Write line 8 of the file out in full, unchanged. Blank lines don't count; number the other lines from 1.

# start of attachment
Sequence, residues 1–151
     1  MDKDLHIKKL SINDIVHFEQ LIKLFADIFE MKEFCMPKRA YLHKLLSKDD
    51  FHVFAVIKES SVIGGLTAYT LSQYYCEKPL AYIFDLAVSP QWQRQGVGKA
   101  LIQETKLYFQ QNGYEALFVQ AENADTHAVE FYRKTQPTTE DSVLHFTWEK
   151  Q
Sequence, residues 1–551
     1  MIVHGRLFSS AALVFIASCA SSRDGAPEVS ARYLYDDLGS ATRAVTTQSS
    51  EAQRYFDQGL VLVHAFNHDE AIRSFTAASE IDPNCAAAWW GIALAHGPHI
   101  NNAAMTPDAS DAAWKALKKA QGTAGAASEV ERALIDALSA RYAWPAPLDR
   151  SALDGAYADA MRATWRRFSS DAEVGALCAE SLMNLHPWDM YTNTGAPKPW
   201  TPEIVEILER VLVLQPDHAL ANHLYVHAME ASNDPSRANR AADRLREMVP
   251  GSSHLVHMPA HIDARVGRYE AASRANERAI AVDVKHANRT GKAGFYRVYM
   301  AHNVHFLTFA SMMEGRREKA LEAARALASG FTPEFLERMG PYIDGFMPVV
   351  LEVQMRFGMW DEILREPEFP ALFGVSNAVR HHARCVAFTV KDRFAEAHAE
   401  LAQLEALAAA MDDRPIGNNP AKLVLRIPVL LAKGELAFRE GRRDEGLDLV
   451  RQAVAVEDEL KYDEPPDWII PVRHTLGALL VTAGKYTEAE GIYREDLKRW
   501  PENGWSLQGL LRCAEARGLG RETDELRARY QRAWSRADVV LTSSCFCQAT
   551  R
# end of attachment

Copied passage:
    51  EAQRYFDQGL VLVHAFNHDE AIRSFTAASE IDPNCAAAWW GIALAHGPHI